So I hear you cry, what is The Collaboration Diner?
Many of you, especially those in North America, will be aware of a rather famous 1942 painting by Edward Hopper known as ‘Nighthawks‘:
Painted soon after the attack at Pearl Harbour, the painting is thought to detail the alienation felt by those in a strange city, and the interaction, consolation and prospective relationships that could be found within the diners that were scattered on street corners throughout New York and other cities. Diner customers could ‘network’ with the few others in the physical location they inhabited.
In 2003, Wired magazine commissioned comic artist Josh Ellingson to bring the diner situation up to date in the face of the emergence of free wi-fi, ubiquitous mobile devices and laptops:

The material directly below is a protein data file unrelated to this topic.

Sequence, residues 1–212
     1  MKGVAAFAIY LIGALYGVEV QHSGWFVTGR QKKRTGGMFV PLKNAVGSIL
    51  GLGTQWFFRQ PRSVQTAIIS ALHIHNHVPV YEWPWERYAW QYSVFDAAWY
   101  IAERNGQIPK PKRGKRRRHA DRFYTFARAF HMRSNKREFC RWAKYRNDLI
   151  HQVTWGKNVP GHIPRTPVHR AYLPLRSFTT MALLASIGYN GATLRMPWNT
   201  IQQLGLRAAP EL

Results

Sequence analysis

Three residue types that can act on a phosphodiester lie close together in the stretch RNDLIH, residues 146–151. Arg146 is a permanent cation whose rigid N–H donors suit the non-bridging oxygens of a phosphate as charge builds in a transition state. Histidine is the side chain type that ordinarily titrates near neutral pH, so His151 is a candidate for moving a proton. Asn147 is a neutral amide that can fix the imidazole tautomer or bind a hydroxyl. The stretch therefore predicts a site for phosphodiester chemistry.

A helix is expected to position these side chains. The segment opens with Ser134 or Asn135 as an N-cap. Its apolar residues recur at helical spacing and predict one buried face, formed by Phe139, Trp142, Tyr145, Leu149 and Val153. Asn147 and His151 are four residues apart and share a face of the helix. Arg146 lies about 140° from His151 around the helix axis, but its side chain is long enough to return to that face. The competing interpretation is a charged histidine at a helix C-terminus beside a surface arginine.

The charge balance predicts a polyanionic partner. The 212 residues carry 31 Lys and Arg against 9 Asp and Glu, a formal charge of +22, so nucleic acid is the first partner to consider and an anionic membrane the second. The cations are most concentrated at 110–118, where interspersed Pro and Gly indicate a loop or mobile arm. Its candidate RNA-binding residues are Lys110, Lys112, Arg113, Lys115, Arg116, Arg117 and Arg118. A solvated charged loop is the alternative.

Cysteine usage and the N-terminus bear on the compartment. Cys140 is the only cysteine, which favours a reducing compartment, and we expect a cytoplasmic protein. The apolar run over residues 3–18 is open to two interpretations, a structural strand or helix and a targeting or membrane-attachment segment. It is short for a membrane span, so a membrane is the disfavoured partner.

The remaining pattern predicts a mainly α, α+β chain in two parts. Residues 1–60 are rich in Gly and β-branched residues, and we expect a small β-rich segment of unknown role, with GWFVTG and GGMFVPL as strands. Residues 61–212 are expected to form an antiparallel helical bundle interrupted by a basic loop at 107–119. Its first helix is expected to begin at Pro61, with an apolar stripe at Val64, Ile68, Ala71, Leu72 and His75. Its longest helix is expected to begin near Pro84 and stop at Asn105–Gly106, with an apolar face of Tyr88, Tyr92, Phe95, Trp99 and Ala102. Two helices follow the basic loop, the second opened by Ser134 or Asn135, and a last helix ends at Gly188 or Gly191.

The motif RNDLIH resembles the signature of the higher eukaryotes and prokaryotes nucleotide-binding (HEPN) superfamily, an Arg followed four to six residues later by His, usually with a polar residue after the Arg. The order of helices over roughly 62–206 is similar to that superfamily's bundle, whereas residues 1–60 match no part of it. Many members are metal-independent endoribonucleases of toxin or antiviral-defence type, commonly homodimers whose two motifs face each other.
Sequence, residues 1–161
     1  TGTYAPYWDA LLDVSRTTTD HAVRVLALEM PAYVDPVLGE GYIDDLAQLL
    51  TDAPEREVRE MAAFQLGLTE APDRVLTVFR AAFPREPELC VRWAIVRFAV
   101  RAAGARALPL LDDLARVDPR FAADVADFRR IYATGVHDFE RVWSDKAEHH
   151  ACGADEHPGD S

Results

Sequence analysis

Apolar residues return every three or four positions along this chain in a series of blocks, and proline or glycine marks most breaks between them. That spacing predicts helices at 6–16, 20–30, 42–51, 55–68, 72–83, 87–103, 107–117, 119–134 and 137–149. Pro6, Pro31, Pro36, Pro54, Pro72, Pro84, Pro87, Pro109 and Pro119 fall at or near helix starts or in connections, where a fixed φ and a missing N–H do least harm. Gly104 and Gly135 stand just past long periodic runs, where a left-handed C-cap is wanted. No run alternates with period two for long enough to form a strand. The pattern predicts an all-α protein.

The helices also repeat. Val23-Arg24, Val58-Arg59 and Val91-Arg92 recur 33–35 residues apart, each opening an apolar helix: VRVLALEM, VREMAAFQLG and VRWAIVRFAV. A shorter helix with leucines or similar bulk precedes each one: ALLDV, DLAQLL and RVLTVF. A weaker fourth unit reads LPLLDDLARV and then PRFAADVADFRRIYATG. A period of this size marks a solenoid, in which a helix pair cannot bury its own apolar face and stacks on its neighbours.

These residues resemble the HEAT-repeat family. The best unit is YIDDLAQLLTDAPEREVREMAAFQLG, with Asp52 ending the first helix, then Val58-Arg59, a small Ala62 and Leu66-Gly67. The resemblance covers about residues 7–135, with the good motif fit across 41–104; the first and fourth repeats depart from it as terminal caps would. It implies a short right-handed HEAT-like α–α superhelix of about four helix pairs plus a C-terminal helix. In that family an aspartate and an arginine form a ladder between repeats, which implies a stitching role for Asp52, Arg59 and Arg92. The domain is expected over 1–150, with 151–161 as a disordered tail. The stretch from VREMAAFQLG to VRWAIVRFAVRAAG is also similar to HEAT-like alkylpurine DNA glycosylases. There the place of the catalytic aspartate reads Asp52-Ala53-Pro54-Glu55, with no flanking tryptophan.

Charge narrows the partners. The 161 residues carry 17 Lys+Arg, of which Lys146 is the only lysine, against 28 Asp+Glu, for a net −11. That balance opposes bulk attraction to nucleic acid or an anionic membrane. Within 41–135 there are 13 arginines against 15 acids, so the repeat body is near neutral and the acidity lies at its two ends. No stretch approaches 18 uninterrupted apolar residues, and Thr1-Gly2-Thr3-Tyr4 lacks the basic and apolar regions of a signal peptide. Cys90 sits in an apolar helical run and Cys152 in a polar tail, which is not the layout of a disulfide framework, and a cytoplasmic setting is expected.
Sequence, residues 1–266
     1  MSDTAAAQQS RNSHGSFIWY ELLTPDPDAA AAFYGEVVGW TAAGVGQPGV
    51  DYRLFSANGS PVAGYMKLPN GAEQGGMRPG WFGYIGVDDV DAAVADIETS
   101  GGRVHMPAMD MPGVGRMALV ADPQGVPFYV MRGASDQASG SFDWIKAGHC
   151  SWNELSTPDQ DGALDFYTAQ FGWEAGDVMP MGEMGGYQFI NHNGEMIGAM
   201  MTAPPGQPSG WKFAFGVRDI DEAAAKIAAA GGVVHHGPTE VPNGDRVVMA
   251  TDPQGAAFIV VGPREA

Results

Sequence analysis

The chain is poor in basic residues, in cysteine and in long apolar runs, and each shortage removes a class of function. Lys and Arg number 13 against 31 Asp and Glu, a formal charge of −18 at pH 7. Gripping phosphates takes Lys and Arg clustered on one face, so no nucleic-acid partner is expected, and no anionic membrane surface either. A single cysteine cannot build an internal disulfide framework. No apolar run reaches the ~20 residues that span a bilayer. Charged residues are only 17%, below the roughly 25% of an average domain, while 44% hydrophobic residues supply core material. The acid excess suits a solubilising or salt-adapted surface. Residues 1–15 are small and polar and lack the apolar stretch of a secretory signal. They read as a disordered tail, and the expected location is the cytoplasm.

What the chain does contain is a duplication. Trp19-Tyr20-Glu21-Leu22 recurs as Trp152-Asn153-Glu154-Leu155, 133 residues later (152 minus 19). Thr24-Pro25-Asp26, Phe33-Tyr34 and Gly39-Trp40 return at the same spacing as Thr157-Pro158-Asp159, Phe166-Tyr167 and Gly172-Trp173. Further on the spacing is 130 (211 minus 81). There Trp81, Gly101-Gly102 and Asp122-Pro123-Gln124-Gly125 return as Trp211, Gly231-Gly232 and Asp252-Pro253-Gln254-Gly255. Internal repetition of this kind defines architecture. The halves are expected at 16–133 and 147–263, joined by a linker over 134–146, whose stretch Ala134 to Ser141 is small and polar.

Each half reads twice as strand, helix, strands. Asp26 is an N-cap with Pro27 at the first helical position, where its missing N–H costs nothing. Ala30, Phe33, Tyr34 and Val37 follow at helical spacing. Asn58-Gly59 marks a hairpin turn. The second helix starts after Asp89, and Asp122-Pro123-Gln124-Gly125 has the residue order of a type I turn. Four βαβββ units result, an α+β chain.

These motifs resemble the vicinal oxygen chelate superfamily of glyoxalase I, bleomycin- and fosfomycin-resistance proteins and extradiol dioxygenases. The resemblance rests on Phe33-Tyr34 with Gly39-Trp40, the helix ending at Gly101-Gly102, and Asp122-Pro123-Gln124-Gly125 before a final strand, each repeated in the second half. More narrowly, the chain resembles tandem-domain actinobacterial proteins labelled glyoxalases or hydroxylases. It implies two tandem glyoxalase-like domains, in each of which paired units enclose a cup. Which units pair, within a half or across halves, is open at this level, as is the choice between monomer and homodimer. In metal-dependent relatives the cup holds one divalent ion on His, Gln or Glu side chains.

Once again, the diner or coffee shop had become the place where relaxation and re-connecting could be combined, but this time connections were as likely to be with those hundreds or thousands of miles away. In 2003, it was likely that this would have been via a relatively small group of friends or colleagues that the individual was in regular contact with.
Now bring the situation up to the modern day. Social and Mobile dominate. Almost every individual carries at least a mobile phone, most a smartphone and many more than one device. Multiple social networks are reachable from these devices, personal, professional and organisational sites provide a constant connection to friends, family, colleagues, customers and partners. Business is as likely to be carried out in a diner in a strange city as at one’s own desk.
However, the diner is still a useful metaphor for the meeting place, for the clash of cultures, the possibility of accidents and incidents leading to passionate discourse and idea-sparking conversations.
Look out for future posts detailing what was involved, why it was such an innovative concept, and what discussions took place there. One thing’s for sure, tech trade shows have never seen anything like it!